Public Interest Litigation

Topics: Law, Court, Separation of powers Pages: 4 (1177 words) Published: May 17, 2013
(a) what is public interest litigation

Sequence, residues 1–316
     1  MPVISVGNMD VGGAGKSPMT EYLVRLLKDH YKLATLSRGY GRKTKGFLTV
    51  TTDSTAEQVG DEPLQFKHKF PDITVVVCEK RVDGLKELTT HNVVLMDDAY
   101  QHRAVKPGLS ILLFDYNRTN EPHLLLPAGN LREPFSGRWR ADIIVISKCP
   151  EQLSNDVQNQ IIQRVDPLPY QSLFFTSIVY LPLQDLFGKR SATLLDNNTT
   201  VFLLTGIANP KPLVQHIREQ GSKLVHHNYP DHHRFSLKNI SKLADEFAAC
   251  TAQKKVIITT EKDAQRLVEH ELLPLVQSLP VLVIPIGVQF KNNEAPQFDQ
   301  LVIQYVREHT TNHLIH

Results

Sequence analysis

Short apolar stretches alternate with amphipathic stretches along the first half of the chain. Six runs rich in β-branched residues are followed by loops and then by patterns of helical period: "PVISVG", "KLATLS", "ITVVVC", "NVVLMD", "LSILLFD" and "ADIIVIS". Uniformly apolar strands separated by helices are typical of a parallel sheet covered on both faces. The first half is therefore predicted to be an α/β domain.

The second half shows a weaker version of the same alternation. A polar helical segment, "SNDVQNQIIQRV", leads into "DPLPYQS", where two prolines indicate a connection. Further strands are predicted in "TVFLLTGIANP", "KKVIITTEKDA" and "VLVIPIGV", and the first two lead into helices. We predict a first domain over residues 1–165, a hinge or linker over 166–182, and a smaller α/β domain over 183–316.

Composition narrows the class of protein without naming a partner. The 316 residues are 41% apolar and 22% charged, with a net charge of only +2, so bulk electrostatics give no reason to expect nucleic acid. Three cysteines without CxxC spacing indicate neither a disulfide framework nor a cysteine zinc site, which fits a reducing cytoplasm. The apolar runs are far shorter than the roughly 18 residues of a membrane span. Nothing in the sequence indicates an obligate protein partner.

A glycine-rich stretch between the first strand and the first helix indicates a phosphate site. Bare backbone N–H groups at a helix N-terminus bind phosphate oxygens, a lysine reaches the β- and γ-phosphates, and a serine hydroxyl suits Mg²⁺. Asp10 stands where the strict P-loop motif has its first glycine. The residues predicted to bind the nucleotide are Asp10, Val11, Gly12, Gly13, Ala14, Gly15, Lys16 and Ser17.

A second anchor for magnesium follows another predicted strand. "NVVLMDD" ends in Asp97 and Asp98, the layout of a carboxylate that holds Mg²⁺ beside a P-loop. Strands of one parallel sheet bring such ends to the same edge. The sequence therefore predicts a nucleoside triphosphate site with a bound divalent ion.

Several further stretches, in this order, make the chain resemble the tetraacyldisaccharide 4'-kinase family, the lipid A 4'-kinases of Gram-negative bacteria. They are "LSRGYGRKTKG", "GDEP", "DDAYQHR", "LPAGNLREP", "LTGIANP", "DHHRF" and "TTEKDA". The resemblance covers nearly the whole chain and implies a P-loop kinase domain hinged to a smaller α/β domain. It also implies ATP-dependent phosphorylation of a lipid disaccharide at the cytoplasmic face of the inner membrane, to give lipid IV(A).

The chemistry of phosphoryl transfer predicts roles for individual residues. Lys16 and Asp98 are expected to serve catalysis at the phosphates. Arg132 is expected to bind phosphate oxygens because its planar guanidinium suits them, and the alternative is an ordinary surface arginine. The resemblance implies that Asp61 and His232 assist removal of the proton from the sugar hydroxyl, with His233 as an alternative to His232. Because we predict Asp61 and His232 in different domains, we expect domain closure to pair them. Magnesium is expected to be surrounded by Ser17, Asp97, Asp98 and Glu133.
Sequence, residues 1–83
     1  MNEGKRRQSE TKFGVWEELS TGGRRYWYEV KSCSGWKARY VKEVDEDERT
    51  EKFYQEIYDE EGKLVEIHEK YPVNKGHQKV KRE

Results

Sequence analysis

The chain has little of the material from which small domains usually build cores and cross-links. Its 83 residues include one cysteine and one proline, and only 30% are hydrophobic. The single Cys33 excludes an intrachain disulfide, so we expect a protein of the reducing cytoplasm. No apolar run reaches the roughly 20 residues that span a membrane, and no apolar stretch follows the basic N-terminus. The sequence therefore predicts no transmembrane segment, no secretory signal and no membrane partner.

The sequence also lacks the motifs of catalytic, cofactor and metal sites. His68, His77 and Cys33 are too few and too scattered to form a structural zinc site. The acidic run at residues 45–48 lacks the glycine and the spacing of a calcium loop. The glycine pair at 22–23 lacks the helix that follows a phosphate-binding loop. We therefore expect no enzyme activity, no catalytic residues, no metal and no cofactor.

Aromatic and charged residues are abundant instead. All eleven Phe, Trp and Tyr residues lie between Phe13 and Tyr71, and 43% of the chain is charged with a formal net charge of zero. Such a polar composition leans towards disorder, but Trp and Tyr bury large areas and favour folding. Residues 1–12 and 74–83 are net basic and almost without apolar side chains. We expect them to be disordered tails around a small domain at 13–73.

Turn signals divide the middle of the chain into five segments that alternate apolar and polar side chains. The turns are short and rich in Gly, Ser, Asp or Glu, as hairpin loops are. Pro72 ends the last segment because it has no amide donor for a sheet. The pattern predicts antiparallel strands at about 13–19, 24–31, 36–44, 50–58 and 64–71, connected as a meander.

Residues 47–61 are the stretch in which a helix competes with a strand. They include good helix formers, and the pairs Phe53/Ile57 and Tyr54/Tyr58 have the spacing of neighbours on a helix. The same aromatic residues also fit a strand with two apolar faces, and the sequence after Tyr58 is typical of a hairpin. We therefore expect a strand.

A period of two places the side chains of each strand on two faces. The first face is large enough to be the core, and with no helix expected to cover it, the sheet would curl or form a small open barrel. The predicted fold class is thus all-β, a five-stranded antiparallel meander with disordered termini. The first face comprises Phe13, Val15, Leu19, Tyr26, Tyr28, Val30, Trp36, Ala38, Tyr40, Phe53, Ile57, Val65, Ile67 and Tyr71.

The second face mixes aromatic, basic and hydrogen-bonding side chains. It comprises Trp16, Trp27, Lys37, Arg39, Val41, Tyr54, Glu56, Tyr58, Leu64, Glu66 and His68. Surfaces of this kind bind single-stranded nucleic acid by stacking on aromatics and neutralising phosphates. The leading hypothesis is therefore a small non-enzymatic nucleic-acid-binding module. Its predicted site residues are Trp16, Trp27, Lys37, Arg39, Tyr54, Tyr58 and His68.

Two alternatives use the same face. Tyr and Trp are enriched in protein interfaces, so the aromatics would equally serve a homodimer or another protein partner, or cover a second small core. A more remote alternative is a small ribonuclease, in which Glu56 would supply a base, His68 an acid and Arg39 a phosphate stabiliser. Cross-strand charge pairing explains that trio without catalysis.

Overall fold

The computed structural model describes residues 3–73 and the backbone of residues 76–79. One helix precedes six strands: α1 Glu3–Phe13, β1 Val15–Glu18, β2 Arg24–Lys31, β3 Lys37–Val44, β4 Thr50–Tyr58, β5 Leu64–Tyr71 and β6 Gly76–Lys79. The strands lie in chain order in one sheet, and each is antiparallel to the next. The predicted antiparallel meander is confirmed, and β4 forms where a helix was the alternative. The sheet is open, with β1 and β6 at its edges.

Public interest litigation involves the institution of actions by private citizens in courts to seek redress against public wrongs committed by government or public bodies. It is an adjudication of disputes between private individuals and the state initiated to promote the public good in terms of serving a collective societal interest. In George John v Goh Eng Wah Bros Filem Sdn Bhd & 2 Ors, Lim Beng Choon J traced the origin of public interest litigation and its justification as follows: “The concept of “public interest litigation” was said to have first been mooted by the Indian Supreme Court in Fertilizer Corporation Kamgar Union v Union of India AIR 1981 SC 344. The judgment of Krishna Iyer J (ibid at 350) had no doubt influenced greatly the Indian judicial thinking on the concept of public interest litigation. In justifying this concept, Krishna Iyer J said at p 354: “Law, as I conceive it, is social auditor and this audit function can be put into action when someone with real public interest ignites the jurisdiction.” Therefore, the rights which an individual seeks to assert do not flow from his capacity as an individual with aggrieved interests but are public rights, with the individual seeking to vindicate the public interest. His motivation stems not from personal interest, as in the case of enforcing private rights such as enforcing a breach of contract or vindicating a tortious breach of duty causing personal loss or property damage, but from a sense of public-spiritedness and ontological inclinations. The view of the public interest litigant is that there are rights or collective interests which must be safeguarded to avoid government lawlessness which harms the social interest. These public rights are in nature diffuse, societal and fragmented. The rights to clean air, water and environment, for example, are not just matters of individual concern but affect broad sectors of the larger community. Public interest...
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